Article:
he said in introducing "Here for You," an openhearted letter to his
grown children. "I never knew what that meant until I felt it." Young
spoke of how he's written love songs all of his career, "songs for those
young gals, dreaming about them and falling in love with them. But this
one here, it's a different type of love song."
He also repeatedly referenced dreams and memories, from the opening
song, "The Painter," which says, "If you follow every dream, you might
get lost," to "It's a Dream," about youthful recollections of rural
Canada. "Far From Home," a cheerful midtempo tune powered by the
three-piece Memphis Horns, recalls a childhood experience of listening
to his father singing accompanied by an uncle and a cousin.
Young stayed on acoustic guitar or piano all night. Besides Harris and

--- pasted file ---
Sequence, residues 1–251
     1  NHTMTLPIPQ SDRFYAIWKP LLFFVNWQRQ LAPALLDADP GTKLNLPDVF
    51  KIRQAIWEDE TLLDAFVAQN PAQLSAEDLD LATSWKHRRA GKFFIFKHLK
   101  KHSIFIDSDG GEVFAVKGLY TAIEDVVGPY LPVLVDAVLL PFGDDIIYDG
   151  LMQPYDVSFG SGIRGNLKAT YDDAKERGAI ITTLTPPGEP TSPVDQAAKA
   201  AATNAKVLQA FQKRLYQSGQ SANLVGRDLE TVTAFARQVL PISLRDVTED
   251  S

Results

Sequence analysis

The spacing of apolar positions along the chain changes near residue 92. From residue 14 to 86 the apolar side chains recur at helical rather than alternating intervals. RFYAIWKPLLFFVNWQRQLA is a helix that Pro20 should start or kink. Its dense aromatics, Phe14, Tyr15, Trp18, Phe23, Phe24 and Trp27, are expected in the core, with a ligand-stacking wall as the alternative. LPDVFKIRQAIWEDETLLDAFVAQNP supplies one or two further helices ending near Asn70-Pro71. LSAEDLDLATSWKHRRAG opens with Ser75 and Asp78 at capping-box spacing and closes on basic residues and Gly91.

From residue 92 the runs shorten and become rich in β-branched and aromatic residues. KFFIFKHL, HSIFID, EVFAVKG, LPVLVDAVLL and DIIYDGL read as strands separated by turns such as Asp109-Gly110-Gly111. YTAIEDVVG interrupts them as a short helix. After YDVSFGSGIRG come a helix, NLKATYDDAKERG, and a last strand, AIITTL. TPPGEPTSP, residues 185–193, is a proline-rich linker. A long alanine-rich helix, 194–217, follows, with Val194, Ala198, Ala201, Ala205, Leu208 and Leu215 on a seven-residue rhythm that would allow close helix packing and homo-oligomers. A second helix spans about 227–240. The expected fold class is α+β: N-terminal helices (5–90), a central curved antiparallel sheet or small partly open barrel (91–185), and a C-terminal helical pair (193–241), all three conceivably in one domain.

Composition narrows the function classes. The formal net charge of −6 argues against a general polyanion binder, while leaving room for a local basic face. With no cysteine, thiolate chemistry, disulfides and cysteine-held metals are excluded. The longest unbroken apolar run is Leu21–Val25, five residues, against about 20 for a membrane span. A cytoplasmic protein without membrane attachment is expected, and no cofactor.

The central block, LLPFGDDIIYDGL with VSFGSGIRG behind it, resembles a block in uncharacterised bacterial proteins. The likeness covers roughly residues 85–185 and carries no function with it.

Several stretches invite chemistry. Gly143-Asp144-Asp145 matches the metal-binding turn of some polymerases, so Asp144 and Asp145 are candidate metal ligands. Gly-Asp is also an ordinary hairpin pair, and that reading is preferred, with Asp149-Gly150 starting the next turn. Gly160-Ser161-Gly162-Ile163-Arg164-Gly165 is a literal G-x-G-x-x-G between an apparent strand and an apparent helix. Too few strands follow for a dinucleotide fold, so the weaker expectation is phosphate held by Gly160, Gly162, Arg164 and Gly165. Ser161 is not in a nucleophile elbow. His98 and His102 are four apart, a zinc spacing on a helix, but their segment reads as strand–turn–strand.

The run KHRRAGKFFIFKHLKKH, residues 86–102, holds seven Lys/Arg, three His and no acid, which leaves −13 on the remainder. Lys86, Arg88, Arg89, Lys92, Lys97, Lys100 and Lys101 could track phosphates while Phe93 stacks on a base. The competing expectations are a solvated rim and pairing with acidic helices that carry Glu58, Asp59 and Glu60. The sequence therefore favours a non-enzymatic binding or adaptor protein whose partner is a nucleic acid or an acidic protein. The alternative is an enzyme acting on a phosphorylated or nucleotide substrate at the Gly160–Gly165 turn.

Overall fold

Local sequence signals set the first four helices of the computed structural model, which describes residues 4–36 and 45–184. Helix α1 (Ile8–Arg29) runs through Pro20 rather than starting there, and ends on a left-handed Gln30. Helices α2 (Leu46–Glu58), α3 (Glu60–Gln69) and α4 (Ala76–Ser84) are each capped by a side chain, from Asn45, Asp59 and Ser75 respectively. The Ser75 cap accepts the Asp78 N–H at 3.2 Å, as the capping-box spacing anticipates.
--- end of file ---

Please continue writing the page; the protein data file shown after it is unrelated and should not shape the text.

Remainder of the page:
the Memphis Horns, his band featured steel guitarist Ben Keith, whom
Young said he first met in 1970 during the sessions for his album
Spooner Oldham, of the famed Muscle Shoals studio team, played organ and
piano, and the rhythm section included bassist Rick Rosas and drummers
Chad Cromwell and Karl Himmel. The Fisk Jubilee Singers and Nashville
String Machine also joined on several songs. Besides Harris and the Fisk
choir, harmony singers included the singer's wife, Pegi Young as well as
Diana Dewitt, Gary Pigg, Anthony Crawford and Grant Boatwright.
The band performed in Western-cut clothes, all in primary colors, with
Neil Young dressed as a riverboat gambler in a wide, flat-brimmed hat
and a tailored, gray linen suit. After performing the complete album in
slightly less than an hour, the band took a break and returned for 90
minutes of classics from Young's acoustic repertoire, including "Heart
of Gold," "I Am a Child" and "Old Man."
The latter, released 33 years ago, finds Young addressing his father and
telling him "to take a look at your life, I'm a lot like you were."
Young's now older than the man he sang to in those lyrics, and "Prairie
Wind" shows him taking his own advice, looking long and hard at his own
life. What he finds is that he has a lot in common with all of us.